4 Things That Young Indians Are Expecting From The Budget, And So Should You

Posted on July 8, 2014 in Lists, Politics

By Mayank Jain:

We are a promising nation. We promise everything that we can or we cannot possibly do, to just sound forthright and competent, but unfortunately we forget to act. Our action conveniently gets left out of the array of things we do, because we are so busy promising or gasping at promises or at times, asking for more promises. India is set to become the world’s youngest nation in the next 6 years, but we stammer before calling our top institutions among the best in the world and it is equally hard for us to accept the fact that many of the alumni from these colleges simply leave the country looking for better work opportunities; our patriotism and jingoism take a sharp hit the moment we hear a critique of the country that we have all loved to hate every day.

budget session

The new government riding high on expectations will find its own promises as obstacles in its path as it goes around fulfilling them. Unusually high standards were promised to a country used to mediocrity and youth of the nation is eager to see them come to life. As I pen this down, Twitter is abuzz with discussions on the Railway Budget. Because of the promised focus on efficiency, rants seem to have been silenced. But there is a chance that disappointment will set in when these promises remain just promises, without any action.

Youth is the largest and the most crucial demographic of the country. Not only because of the sheer numbers but because of the fact that finally, the Facebook generation has sprung to action and expects the government to do something for them that goes beyond promises and headlines of national dailies. Here are 4 things that the youth is expecting from the new budget:

1. Institutes beyond IITs: I can’t emphasise on this enough. Seeing parents who aspire that their children grow up to be students at IITs or IIMs is as unfortunate as it gets for a nation of 1.2 billion. We have as many avenues but there is hardly any respectable institute for training. People are stuck in the rut and this is probably why we have surplus of engineers who are unfit for jobs, and sadly, the same colleges lack faculties as well.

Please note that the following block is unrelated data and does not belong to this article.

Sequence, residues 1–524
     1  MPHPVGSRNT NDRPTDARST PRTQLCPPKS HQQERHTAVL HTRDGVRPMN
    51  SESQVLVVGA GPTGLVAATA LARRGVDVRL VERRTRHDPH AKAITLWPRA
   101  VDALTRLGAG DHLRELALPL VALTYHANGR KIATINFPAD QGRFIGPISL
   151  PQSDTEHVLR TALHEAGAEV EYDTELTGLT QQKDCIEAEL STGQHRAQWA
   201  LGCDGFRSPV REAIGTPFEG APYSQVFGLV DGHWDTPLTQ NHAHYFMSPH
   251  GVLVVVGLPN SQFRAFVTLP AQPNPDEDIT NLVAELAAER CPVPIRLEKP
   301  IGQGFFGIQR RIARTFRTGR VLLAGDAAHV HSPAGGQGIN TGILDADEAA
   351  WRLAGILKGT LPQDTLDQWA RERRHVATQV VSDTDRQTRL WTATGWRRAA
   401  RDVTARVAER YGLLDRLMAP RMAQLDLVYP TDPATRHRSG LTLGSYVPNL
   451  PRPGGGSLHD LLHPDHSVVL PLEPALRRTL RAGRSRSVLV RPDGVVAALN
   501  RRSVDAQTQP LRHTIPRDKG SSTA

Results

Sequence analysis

More spending on education is imminent but it isn’t clear if it is on the mind of our Finance Minister. However, from whatever little we spend on education, efforts need to be made to establish institutions for streams other than engineering and management and open up a world of opportunities for the creative minds. Why can’t we have a national university for writing and poetry?

2. Skill development and jobs: This is as simple as it gets. 12 million Indians join the capable workforce every year and most of them remain underemployed if not unemployed. This budget session is the right opportunity for the government to appropriate funds towards skill development and to revamp the National Employment Service and stop it from becoming the victim of public frustration before it is too late. We all remember what happened to IRCTC. Fun fact: The website of Employment Service quotes a 2005 statistic on the home page. That was 9 years back.

3. Food without taxes: Going out to eat, drink and party is becoming a big part of our lives, especially in the cities. Younger generation suffers the most because of multiple taxes on simple food items which end up burning a big hole in their pockets. The budget must not become another blow on their personal budgets. Government should curb inflation in the longer term but immediate efforts to arrest food prices will be welcomed by a larger community of people and not just the youth.

4. Affordable healthcare: When it comes to healthcare, youth is probably the most aware and yet the most unrepresented in the health plans of the government. While teenage pregnancy rates in India are at an all-time high, there is a stronger case for the government to start focusing on awareness and action campaigns tailored for the younger generation. A substantial appropriation should be made to provide healthcare that goes beyond hospitals and works on prevention of diseases. Rebates on medical health plans will be a welcome move.

The government might still be new but it has no time to waste if the damage has to be reversed; screws of the economy need proper oiling. There are many promises in the manifesto of the single largest party in lower house of the Parliament at this moment but their will to go beyond words is what youth is waiting for. Only the budget presentation will reveal how much ground the party is able to cover in their maiden budget speech.

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